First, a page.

Dharma Guardian-2018: First India-Japan military exercise begins in Vairengte, Mizoram
The first joint military exercise named “Dharma Guardian” between India and Japan has begun at Indian Army’s Counter-Insurgency Warfare School at Vairengte (Mizoram). The exercise is aimed at developing mutual understanding and respect between militaries of both countries, as also facilitate in tracking worldwide phenomenon of terrorism. In this exercise, Indian Army will be represented by 6/1 Gorkha Rifles, while Japanese Ground Self-Defence Force will field its 32 Infantry Regiment. The emphasis of this exercise will be on building interoperability. Armies of both countries will jointly train, plan and execute series of well-developed tactical drills for neutralization of likely threats that may be encountered in urban warfare scenario. Moreover, experts from both sides will also hold detailed discussions to share their expertise on varied operational aspects.
Maharashtra Government to convert decommissioned aircraft carrier INS Viraat into floating museum
Maharashtra state cabinet approved plant for conversion of Indian Navy’s longest-serving aircraft carrier INS Viraat, into India’s first-ever moored maritime museum-cum-marine adventure centre. At present, INS Viraat is at Mumbai’s Naval dockyard after it was decommissioned (retired) in 2017. As per state government’s plan, INS Viraat’s conversion will be on publicprivate-partnership (PPP) basis. It will be grouted (grounded, sealed to seabed with concrete and moored) seven nautical miles off Malvan coast at Nivati rocks in Sindhudurg districct. This ship will host biodiversity centres and marine adventure centre providing sailing and scuba-diving experiences. There will be virtual galleries, cafeterias and even training centre for merchant navy crew. World over only seven aircraft carriers so far have been converted into museums, theme parks and luxury hotel.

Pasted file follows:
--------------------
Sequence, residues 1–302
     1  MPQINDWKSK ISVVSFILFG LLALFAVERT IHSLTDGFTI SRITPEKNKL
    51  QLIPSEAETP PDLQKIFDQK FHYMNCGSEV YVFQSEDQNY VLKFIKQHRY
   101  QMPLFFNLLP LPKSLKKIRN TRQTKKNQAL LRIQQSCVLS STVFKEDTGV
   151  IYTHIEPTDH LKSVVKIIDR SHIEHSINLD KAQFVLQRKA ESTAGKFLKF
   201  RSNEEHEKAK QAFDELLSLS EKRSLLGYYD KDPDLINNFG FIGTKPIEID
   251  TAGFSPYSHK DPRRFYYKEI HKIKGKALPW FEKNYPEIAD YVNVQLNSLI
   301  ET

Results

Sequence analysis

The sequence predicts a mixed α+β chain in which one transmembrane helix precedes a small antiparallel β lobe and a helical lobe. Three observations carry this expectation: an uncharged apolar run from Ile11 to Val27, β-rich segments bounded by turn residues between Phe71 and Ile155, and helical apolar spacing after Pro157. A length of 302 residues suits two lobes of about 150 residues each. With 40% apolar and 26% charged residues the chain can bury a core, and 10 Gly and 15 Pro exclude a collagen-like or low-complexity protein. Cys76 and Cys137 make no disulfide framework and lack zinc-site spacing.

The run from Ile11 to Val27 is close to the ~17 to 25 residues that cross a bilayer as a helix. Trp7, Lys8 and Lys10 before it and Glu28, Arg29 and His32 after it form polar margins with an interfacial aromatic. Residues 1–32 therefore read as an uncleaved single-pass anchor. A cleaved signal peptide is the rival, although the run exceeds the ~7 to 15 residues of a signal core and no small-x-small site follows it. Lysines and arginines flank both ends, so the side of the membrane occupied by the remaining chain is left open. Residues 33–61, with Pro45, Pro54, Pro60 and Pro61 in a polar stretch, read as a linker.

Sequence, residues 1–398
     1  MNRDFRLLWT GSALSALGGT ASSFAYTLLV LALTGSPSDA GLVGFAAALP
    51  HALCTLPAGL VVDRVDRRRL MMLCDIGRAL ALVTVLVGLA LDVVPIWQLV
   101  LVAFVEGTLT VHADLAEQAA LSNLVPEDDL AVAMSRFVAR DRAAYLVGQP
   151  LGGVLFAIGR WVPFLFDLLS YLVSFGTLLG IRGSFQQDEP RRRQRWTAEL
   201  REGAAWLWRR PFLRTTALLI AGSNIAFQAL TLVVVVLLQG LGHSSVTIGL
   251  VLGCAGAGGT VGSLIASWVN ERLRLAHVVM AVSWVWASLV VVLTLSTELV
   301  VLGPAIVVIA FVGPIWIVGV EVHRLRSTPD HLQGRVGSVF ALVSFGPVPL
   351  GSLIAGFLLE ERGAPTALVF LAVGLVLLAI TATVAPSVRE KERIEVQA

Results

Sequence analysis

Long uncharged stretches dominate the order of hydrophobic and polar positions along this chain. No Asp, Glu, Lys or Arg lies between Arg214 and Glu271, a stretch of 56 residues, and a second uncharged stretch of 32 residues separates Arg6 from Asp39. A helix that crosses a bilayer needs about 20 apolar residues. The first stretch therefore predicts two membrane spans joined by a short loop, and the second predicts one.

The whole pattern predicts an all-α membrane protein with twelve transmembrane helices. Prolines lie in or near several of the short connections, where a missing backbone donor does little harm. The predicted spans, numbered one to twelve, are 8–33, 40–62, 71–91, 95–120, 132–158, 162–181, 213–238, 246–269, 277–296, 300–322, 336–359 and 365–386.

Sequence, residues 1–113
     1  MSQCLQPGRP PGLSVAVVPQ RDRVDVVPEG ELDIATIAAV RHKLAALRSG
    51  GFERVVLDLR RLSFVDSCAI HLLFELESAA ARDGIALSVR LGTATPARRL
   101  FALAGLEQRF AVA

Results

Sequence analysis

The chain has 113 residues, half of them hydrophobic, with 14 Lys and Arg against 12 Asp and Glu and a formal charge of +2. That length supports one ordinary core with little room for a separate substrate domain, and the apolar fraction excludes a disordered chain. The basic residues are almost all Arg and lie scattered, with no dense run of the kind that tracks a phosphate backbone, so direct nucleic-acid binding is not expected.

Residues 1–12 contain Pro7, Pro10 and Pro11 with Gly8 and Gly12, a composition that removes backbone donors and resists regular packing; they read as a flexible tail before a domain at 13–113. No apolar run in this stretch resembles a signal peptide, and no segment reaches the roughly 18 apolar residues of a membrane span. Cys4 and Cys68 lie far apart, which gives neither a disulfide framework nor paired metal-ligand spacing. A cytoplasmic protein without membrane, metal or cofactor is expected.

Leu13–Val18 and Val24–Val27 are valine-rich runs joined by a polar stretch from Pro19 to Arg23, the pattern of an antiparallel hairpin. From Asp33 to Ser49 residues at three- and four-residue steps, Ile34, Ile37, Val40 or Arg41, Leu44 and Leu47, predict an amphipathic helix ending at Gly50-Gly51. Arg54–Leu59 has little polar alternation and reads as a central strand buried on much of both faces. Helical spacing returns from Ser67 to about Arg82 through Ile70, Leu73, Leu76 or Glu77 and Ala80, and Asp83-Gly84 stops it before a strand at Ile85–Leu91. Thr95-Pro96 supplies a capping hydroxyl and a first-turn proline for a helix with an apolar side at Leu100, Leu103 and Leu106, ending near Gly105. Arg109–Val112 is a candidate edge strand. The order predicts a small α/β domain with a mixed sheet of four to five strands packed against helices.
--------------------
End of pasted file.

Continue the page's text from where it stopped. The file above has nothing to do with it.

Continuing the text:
INS Viraat: It was built in 1943 during Second World War and was first commissioned as HMS Hermes into the British Royal Navy in November 1959. During the Falklands War in 1982, the aircraft carrier had served as flagship of the Royal Navy’s task force. British navy had decommissioned in 1985 after 27 years of service. It has sailed nearly 11 lakh km, enough to cover the globe 27 times. It had spent 30 years in Indian Navy and 27 years in Royal British Navy. It was commissioned into the Indian Navy on May 12, 1987. It had played a major role in Operation Jupiter in 1989 in the Sri Lankan peace keeping operation. It had participated in the standoff Operation Parakram in 2001-20012 when India and Pakistan were engaged in a standoff post the Parliament terror attack. Its last operational deployment was for participation in International Fleet Review held at Visakhapatnam, Andhra Pradesh in February 2016. INS Viraat holds Guinness Books of record of being the longest serving warship in the world. It was also the last British-built ship serving with the Indian Navy.
India successfully conducted night trial of Agni-I ballistic missile